David Miller from NECS Consultancy discusses his training as a Mental Health First Aider and why NECS has invested in this initiative across its teams.
For many of us 2022 marks the beginning of a third year of working remotely. Whilst there have been undoubted advantages to working from home, it has also introduced a variety of new challenges for employees up and down the country. As the ‘WFH’ novelty turned to the norm by late-2020, NECS Consultancy were mindful of the impact which repeated lockdowns and working from home messages were having on the mental and physical health of members of the team.
In response, NECS put a significant investment into enhancing Mental Health provision through additional staff training and development. Mental Health First Aid training was provided to at least two members of each of our 7 regional Consultancy teams, with the intention being to offer a first point of call for colleagues who needed any support or information around mental health for themselves or a family member. Our contact details were shared through a redesigned section of our intranet to give everyone from the organisation a choice of colleague to make contact with via email, phone call or on MS Teams if they wanted to discuss mental health.
Whilst many of the facts about mental health are well known and regularly quoted, some statistics continue to offer pause for thought. For example, each year 1 in 6 working age adults experience symptoms associated with mental ill health, with anxiety disorders being experienced by at least 1 in 10 people in the UK annually. Despite everyone having higher and lower periods of mental health during their lifetime it remains, for some, a difficult topic to discuss with colleagues, friends or family. Often people are far more comfortable talking about their ‘stress’ rather than talking about their anxiety or low mood.
Having a group of trained Mental Health First Aiders embedded within each team and supported by a wider network of trained colleagues, has allowed more open conversations to occur around mental health through the use of the recognised ‘ALGEE’ approach: Approach, Listen, Give support, Encourage professional help, Encourage other support. Our training also complements a wider NECS offer of support which includes: regular 1-1 conversations with line managers; virtual gatherings as regional teams; wellbeing action plans; a weekly ‘coffee roulette’ chat with a colleague; as well as access to wellbeing training and third party apps such as Headspace, Unmind, and Sleepio.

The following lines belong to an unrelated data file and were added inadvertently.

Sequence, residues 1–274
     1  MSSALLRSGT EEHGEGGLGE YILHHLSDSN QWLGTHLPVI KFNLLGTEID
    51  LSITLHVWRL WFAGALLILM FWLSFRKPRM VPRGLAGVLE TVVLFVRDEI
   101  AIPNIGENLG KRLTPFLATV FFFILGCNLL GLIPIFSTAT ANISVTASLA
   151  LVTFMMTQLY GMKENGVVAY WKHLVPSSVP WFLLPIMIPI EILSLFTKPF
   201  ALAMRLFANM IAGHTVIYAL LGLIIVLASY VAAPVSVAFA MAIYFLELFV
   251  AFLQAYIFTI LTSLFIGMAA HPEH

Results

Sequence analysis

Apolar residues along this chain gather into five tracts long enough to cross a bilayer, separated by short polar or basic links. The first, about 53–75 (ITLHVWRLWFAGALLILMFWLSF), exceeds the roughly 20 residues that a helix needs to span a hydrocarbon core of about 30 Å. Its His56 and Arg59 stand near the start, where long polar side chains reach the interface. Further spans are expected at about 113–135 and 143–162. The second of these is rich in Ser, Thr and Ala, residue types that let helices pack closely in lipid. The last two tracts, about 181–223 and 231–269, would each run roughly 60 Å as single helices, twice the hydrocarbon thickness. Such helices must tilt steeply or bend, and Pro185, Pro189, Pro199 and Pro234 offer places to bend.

Having trained Mental Health First Aiders within the team over the past two years has ensured that there is far greater awareness of what signs to look for to indicate if a colleague is suffering from a period of poor mental health. We have also tried to celebrate and remind colleagues that there are lots of ‘protective factors’ which can support good mental health such as healthy eating, exercise and cultivating interests and hobbies through mini-presentations, refreshers and activities linked to World Mental Health Day. It has been a privilege to have been involved in this initiative to raise awareness of mental health and it has really made me think differently about how I can best support colleagues, clients, friends or family with any mental health issues they may be experiencing. As a final thought, encouraging ‘protective factors’ and ensuring early intervention does reduce the need for mental health treatment and periods of recovery, which we are committed to as a care system support organisation.
Contact NECS Consultancy to understand how we have supported clients to think differently and develop new models of care. Find out more here: NECS Consultancy
David Miller, Consultant
NECS Yorkshire Consultancy Team